According to a review of public records and court documents, the architect accused in a string of Long Island killings has been years late in paying hundreds of thousands of dollars in taxes, frequently filed lawsuits alleging drivers injured him in car accidents, and still resides in his childhood home.
According to a 2018 deposition, Rex Heuermann, who police allege killed at least three people, continued to reside in the home he grew up in, a few miles across the bay from the beach where bodies were discovered more than a decade earlier.
Heuermann filed four lawsuits in New York courts between 2014 and 2022 against motorists he claimed had struck him with their vehicles, resulting in “serious and permanent personal injuries,” according to court records. The most recent lawsuit is still pending, while the other three were settled or ended.
Heuermann spoke about his life and career during his April 2018 deposition in one of the lawsuits. He claimed to have resided in his childhood home in the Long Island suburb of Massapequa Park with his wife of the time—22 years—his daughter, and stepson.
When questioned about playing any sports during the deposition, he responded, “Really, the only thing I competed in was competition rifle.” Heuermann appears to have struggled to pay his taxes for more than ten years. According to Nassau County documents, the IRS filed six tax liens against Heuermann between 2010 and 2021. Heuermann owed more than $425,000 in total for unpaid taxes dating back to 2005, according to the liens.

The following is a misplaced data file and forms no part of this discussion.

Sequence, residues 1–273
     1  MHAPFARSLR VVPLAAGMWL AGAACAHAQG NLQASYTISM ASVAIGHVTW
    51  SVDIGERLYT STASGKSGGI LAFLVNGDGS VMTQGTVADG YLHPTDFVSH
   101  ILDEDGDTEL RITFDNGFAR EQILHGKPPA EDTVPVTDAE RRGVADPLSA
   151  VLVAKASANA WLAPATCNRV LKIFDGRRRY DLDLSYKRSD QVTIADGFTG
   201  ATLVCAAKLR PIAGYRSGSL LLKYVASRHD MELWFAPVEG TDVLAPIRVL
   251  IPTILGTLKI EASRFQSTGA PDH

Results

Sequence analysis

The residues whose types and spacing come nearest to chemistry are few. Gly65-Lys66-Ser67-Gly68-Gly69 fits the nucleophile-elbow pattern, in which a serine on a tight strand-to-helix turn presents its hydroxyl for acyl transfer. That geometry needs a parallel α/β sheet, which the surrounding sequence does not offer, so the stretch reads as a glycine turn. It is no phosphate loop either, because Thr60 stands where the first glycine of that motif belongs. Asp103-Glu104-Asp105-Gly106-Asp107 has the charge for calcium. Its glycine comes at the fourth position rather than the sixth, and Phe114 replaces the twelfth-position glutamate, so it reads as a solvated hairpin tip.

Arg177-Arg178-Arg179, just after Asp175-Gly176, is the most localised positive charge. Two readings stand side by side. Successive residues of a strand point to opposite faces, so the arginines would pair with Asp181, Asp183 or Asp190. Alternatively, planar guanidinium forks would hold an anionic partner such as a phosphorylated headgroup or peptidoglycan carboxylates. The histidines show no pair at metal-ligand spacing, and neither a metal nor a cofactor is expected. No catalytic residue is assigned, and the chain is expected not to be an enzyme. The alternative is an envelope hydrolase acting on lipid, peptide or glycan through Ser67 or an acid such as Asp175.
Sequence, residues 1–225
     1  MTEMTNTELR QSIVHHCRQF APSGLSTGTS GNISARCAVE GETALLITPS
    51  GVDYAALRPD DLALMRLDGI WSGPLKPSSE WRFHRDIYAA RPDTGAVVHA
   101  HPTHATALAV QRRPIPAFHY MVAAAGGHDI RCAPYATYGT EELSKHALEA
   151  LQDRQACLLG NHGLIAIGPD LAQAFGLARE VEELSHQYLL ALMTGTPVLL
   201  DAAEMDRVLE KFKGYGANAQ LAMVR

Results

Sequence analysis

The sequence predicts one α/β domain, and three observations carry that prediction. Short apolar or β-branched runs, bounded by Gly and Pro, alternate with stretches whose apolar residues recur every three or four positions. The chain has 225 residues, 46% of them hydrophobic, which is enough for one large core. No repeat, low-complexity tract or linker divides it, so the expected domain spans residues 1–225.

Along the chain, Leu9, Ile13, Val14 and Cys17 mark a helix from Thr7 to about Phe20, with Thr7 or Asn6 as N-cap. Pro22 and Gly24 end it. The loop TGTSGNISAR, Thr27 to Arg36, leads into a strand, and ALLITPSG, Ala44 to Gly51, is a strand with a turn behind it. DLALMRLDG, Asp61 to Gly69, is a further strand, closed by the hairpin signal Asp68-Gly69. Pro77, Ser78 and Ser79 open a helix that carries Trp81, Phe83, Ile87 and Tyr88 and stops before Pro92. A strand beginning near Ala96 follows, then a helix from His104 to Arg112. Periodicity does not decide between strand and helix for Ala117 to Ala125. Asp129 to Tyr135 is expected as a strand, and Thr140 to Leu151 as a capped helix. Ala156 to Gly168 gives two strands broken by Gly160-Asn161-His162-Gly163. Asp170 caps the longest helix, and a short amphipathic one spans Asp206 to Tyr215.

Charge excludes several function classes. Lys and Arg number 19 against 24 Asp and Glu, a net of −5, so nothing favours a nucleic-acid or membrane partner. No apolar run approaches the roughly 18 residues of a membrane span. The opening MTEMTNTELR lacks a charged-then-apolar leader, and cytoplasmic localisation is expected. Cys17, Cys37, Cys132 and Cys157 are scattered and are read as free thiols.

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The IRS later issued tax lien releases, with the most recent being submitted in October 2022, showing that Heuermann had paid off or was no longer liable for around $215,078 of that obligation.
Heuermann and his wife, Asa Ellerup, also owe the state of New York a total of more than $81,500 in personal income tax, with the tax debt accruing since November 2020, according to the New York State Department of Taxation and Finance.
Heuermann stated in a 2018 civil court proceeding that his work is “general architecture” and that he assists customers in resolving conflicts with the state Department of Buildings. An acquaintance said the process was “not enjoyable. In that regard, I don’t want to be Mr. Heuermann for a second.
Fire inspectors ordered two dozen households to leave a Harlem apartment block that Heuermann had been paid to refurbish in September 2007 after it was deemed unsafe, according to a story from the New York Daily News at the time. According to the Daily News, the New York City Buildings Department commissioner stated that the department was looking into whether Heuermann had misrepresented the building as being vacant.
On city documents pertaining to the building that state it would be unoccupied during construction, Heuermann is listed. Despite conducting audits of numerous projects where Heuermann served as the architect of record in 2007, the buildings department, according to a representative for the department, did not uncover “any pattern of false filings nor significant disregard for DOB regulations,” and no disciplinary action was taken.